Date of this Version
PROCEEDINGS OF THE NORTH AMERICAN CRANE WORKSHOP 13:42-46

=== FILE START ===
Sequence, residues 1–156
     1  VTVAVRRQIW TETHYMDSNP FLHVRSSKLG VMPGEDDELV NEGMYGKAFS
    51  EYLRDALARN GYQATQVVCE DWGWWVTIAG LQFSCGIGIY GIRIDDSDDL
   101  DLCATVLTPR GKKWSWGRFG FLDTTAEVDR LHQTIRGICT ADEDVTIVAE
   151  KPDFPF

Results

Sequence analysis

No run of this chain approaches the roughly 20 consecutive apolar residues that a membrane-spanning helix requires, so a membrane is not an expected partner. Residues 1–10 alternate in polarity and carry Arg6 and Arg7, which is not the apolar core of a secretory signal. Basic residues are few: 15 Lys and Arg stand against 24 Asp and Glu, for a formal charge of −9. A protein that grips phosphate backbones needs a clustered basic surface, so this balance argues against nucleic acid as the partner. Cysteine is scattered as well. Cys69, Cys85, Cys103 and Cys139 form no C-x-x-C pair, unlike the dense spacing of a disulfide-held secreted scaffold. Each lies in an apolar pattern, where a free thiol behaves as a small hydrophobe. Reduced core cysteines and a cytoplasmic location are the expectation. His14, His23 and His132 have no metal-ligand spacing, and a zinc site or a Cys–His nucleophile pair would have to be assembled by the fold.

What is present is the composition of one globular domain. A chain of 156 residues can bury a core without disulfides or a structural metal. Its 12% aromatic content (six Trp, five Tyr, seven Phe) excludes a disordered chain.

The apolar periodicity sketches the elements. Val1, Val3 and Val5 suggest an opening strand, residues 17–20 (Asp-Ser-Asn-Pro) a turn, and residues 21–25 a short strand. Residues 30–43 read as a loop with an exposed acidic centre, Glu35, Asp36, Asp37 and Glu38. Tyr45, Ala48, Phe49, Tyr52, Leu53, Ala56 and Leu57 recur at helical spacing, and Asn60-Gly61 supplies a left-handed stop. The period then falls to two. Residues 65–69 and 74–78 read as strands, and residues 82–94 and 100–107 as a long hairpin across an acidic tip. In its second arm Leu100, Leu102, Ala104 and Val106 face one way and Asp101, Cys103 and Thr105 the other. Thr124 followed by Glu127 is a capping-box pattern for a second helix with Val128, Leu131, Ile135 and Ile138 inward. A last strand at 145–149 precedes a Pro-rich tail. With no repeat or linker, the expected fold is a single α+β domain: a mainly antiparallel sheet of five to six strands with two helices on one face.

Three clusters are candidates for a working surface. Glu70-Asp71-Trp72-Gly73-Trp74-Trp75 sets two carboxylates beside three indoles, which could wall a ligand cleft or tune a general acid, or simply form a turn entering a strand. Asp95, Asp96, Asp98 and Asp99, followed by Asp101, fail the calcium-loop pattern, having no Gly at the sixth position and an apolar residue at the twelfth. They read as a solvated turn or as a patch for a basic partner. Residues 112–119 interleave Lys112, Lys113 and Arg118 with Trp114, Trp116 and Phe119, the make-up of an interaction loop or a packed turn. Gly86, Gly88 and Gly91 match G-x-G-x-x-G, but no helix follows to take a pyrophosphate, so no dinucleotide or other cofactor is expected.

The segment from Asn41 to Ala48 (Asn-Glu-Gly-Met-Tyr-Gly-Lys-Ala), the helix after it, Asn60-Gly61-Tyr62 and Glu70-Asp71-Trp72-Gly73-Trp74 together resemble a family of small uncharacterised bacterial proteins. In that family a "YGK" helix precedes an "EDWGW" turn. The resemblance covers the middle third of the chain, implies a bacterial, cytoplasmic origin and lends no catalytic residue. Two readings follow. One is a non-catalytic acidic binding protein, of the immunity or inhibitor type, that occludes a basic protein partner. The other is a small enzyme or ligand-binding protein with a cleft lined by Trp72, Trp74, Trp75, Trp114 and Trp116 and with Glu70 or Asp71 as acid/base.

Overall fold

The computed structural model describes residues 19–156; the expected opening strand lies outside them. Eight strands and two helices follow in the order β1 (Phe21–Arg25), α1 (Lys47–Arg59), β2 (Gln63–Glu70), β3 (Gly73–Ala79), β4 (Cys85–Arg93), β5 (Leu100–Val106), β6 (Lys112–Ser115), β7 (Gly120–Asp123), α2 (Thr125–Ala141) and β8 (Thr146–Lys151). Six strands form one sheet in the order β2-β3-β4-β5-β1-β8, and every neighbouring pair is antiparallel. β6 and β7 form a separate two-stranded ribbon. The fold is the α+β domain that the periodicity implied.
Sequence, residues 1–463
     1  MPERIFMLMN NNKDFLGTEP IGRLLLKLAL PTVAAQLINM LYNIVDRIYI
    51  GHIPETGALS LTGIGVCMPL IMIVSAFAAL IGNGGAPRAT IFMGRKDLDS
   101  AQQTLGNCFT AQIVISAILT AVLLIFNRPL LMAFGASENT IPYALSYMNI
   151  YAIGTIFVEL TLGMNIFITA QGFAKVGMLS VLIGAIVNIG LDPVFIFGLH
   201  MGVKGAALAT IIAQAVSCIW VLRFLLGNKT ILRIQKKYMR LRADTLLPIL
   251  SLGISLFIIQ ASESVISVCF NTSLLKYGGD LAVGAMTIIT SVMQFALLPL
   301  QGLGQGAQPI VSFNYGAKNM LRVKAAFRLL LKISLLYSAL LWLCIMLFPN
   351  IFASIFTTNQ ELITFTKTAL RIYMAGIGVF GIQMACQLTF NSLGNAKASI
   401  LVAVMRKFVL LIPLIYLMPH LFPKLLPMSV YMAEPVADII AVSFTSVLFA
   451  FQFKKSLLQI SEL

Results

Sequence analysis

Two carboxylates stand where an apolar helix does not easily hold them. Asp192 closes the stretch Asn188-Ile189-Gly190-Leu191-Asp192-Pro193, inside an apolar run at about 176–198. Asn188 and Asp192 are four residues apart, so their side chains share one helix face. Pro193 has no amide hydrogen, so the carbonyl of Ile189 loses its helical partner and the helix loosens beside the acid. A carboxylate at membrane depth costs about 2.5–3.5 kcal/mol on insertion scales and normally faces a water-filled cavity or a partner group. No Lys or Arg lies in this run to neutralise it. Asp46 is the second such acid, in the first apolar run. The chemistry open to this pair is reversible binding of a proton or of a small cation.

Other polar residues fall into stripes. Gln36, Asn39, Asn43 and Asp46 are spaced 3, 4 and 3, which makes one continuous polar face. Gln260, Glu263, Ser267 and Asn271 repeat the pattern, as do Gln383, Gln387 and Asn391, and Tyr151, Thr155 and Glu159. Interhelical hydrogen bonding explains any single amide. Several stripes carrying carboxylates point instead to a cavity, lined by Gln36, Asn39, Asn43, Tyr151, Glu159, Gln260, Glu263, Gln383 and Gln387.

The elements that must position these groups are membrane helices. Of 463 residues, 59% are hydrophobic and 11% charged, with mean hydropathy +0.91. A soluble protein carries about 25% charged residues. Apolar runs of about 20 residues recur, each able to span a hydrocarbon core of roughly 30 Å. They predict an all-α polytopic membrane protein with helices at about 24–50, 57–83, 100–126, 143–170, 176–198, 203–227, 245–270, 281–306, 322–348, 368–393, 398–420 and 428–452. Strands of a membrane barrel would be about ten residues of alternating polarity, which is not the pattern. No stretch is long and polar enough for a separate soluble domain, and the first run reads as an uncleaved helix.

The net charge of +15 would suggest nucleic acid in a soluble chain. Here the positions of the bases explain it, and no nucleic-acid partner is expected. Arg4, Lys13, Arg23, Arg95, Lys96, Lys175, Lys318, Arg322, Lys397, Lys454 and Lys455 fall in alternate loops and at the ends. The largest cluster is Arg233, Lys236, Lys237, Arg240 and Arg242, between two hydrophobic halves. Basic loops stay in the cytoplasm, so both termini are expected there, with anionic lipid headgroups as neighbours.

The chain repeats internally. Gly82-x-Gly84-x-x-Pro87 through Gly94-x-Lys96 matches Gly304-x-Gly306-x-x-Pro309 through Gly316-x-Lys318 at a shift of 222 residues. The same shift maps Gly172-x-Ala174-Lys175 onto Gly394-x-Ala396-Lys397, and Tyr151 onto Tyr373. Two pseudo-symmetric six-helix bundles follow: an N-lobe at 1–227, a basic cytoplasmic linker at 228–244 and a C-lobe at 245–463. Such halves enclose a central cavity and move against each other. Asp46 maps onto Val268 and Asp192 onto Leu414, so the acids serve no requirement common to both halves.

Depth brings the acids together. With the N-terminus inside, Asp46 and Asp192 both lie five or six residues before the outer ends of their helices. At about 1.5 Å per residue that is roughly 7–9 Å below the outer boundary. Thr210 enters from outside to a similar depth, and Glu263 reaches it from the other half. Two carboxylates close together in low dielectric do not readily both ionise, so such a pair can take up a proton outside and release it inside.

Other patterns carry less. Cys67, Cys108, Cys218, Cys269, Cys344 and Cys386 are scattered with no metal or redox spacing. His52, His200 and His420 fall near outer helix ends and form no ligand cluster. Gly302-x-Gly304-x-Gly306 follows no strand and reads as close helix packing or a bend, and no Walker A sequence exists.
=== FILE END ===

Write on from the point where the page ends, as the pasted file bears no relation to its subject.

The Indiana Division of Fish and Wildlife conducts surveys from October to December to collect long-term data on greater sandhill cranes (Grus canadensis tabida). Results from these censuses contribute to a fall index of the Eastern Population, which informs wildlife management decisions and research priorities. Recent findings from the annual U. S. Fish and Wildlife Service Fall Sandhill Crane Migration Survey demonstrate a decline in the number of cranes observed at fall staging areas throughout Indiana since 1979. However, nationwide data exhibit a trend of population increase. I provide evidence to show that the apparent decline in the number of greater sandhill cranes migrating through Indiana does not indicate an actual decline in the Eastern Population but is a consequence of poor detection due to cranes migrating later each year. As a result, I suggest that survey periods be changed to later dates in the coming years to accommodate for this shift in migration chronology.